/NASA makes history with sample of asteroid soil

NASA makes history with sample of asteroid soil

That’s one small scoop for humanity.

NASA made history Tuesday after a spacecraft successfully collected samples from the surface of an asteroid during a carefully orchestrated, hourslong maneuver in orbit.

After spending nearly two years circling the near-Earth asteroid Bennu, NASA’s OSIRIS-REx spacecraft used its robotic arm to gather pieces of the space rock that will subsequently be sent to Earth for study. The event marks an important milestone for NASA: It’s the first time the agency has gathered samples from an asteroid in space.

“We did it,” Dante Lauretta, the principal investigator for the OSIRIS-REx mission, said during NASA’s live broadcast of the event. “We’ve tagged the surface of the asteroid.”

The samples are expected to be delivered to Earth in September 2023, according to NASA. Scientists have said that the precious materials from Bennu’s surface could reveal intriguing insights into how the solar system came to be. Asteroids are pristine collections of the ancient ingredients that formed the solar system about 4.5 billion years ago, so studying the chemical properties of space rocks could unlock secrets about planets and the origins of life on Earth.

The OSIRIS-REx mission is NASA’s first to collect samples from an asteroid, but it was not the first ever. That distinction belongs to Japan’s Hayabusa mission, which delivered to Earth a few micrograms of material from the asteroid Itokawa in 2010. A second mission, named Hayabusa2, collected a small sample from the asteroid Ryugu in February 2019. The spacecraft is slated to return to Earth in December with the sample onboard.

Yuichi Tsuda, project manager for the Hayabusa2 mission at the Japan Aerospace Exploration Agency, expressed his support for the OSIRIS-REx mission, tweeting Tuesday: “Tomorrow, a new door opens for solar system exploration. The [OSIRIS-REx] team should be able to achieve great results with the right decisions and exquisite control. Keep safe, and Godspeed!”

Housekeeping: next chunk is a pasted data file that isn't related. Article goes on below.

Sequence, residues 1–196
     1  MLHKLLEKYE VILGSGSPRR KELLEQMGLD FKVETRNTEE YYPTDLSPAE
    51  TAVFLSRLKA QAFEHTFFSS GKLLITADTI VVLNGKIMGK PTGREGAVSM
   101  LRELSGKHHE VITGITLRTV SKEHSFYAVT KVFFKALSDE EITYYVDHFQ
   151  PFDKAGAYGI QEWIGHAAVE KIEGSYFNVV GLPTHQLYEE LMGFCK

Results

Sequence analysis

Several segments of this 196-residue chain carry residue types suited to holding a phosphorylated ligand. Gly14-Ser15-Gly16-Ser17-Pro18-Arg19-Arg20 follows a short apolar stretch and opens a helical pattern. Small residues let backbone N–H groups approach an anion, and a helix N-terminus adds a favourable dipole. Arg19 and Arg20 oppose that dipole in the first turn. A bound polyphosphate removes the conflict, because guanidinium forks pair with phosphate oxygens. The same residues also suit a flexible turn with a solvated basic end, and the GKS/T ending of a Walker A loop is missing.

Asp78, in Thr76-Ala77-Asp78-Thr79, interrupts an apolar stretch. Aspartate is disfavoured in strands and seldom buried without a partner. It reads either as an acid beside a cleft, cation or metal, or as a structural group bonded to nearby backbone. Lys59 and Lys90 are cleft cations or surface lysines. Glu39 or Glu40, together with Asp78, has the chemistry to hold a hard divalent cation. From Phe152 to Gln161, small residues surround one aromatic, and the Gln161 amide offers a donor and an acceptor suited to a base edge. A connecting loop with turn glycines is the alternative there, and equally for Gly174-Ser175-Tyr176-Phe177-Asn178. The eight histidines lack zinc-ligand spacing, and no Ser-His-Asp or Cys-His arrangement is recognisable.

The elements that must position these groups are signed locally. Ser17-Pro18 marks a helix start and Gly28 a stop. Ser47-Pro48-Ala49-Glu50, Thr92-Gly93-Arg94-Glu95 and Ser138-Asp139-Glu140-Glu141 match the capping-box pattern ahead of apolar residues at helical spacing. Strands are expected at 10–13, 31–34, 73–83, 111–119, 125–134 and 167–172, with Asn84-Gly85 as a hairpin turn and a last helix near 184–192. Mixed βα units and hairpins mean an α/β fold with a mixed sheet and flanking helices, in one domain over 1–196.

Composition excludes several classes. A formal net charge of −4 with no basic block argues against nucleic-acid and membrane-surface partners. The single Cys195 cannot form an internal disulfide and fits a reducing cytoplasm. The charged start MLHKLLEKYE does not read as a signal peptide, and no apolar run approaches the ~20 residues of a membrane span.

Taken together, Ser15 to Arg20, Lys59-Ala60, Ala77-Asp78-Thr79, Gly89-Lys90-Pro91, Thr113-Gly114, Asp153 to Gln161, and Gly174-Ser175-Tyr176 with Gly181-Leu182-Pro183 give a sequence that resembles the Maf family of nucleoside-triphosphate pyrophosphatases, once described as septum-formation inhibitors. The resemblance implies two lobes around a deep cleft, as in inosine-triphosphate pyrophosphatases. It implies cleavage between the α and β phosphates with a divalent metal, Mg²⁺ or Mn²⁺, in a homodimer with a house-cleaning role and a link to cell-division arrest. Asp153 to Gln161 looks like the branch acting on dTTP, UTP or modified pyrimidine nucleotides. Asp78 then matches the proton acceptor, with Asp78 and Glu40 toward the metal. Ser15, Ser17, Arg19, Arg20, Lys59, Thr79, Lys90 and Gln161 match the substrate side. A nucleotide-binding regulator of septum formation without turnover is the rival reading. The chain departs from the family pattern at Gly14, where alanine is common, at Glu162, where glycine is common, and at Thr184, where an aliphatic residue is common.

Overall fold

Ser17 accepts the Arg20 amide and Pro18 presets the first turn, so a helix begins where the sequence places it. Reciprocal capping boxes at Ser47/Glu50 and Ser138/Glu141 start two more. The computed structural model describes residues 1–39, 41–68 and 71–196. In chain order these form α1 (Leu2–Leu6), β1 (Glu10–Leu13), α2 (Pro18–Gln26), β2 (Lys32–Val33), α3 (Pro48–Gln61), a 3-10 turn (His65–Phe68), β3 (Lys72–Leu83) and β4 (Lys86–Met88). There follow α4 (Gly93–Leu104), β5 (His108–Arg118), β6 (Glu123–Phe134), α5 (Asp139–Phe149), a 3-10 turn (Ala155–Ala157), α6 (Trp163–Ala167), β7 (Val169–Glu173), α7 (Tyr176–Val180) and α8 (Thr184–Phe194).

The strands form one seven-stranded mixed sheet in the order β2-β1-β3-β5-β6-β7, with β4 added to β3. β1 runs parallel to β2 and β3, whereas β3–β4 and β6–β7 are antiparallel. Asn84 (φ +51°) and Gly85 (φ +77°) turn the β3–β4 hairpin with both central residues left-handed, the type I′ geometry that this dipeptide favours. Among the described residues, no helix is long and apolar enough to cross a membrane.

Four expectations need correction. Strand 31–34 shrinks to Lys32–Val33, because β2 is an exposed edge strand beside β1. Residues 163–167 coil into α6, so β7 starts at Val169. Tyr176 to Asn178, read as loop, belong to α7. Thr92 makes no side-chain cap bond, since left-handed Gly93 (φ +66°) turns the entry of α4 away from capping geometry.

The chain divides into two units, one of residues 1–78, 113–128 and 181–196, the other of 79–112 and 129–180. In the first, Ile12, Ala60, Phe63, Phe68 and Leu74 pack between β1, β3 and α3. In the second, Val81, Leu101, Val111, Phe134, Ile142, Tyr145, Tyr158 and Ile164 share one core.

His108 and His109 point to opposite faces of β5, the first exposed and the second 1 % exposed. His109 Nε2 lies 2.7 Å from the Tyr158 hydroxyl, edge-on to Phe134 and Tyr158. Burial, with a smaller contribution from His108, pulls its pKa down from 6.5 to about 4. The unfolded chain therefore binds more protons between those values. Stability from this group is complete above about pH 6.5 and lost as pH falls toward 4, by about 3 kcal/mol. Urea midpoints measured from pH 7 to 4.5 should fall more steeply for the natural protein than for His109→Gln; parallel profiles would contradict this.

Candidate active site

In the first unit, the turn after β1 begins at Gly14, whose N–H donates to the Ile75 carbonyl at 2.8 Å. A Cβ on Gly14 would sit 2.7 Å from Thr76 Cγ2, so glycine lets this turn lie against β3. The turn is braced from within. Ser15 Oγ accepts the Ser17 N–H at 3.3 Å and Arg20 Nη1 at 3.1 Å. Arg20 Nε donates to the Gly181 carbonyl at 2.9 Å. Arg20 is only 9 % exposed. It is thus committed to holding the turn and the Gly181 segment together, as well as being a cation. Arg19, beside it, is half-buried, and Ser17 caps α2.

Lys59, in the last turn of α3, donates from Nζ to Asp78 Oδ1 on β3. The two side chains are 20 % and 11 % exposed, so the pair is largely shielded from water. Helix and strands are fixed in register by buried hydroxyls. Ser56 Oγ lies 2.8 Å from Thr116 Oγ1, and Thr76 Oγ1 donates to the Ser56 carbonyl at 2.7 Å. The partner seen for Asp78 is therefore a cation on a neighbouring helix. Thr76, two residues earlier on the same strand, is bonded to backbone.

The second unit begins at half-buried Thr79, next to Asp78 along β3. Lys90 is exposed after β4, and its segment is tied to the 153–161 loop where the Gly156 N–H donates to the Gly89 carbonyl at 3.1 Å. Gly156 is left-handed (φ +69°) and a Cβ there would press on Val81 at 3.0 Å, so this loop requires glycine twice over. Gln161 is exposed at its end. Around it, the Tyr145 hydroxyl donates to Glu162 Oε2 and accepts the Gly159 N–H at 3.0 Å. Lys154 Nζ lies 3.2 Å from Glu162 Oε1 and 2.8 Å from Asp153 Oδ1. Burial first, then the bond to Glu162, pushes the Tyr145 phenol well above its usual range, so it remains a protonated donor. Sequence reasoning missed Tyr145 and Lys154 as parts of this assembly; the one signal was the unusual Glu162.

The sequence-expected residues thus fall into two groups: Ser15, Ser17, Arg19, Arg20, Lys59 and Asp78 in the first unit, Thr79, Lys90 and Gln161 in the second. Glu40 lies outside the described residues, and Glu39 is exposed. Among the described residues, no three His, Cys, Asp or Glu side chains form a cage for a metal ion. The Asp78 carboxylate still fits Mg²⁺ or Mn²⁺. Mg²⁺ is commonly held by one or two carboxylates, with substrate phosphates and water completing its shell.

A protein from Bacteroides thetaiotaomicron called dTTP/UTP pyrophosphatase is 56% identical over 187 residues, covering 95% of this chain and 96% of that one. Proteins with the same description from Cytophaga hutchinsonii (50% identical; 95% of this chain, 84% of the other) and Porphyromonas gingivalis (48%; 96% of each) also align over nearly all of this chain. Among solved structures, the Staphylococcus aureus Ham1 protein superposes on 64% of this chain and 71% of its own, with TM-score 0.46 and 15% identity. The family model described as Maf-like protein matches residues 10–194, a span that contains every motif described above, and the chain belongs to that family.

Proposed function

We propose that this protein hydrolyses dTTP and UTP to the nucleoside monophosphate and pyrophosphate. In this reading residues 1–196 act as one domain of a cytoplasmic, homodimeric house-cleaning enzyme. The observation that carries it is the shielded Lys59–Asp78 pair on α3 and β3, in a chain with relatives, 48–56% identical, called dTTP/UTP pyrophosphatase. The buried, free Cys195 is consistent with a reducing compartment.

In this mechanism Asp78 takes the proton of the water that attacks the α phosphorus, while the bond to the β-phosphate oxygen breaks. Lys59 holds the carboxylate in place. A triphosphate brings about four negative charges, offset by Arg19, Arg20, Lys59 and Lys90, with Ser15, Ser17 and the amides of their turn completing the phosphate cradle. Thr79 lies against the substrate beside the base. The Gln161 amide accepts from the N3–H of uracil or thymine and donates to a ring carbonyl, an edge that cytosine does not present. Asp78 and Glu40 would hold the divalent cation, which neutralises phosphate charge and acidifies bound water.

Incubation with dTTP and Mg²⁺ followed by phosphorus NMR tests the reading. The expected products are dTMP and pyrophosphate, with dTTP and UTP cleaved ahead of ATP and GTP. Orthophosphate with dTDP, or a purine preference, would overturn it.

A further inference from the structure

As a near-Earth asteroid, Bennu could also help researchers understand more about space rocks that pose a threat to the planet, as well as how these celestial bodies could be mined for valuable resources in the future.

The OSIRIS-REx spacecraft (short for Origins, Spectral Interpretation, Resource Identification, Security-Regolith Explorer) has been orbiting Bennu from an altitude of approximately 2,500 feet but spent several hours Tuesday descending toward the asteroid’s surface.

The spacecraft is equipped with an 11-foot-long robotic arm that reached down and grabbed samples from the space rock. Shortly after 6 p.m. EDT, the spacecraft’s arm touched down at a landing site dubbed Nightingale that NASA said is roughly the size of a few parking spaces.

The entire maneuver, which NASA likened to a “high five” with Bennu, took about 4 1/2 hours. The spacecraft was in contact with the asteroid for fewer than 16 seconds, and the van-sized probe was designed to gather at least 2 ounces of rubble from the surface.

After the “touch-and-go” operation, OSIRIS-REx fired its thrusters to safely back away from Bennu.

The $800 million OSIRIS-REx mission launched in September 2016 and the spacecraft arrived at Bennu roughly two years later. The probe has been mapping the asteroid’s surface, studying its composition and beaming back photos of the space rock, which is about as tall as the Empire State Building, according to NASA.

Bennu is located more than 200 million miles away from Earth but has an orbit that can swing it to within 4.6 million miles of the planet. As such, Bennu and other near-Earth asteroids are classified as potentially hazardous objects. NASA’s Planetary Defense Coordination Office has calculated that there is a 1 in 2,700 chance of Bennu hitting Earth sometime between the years 2175 and 2199.

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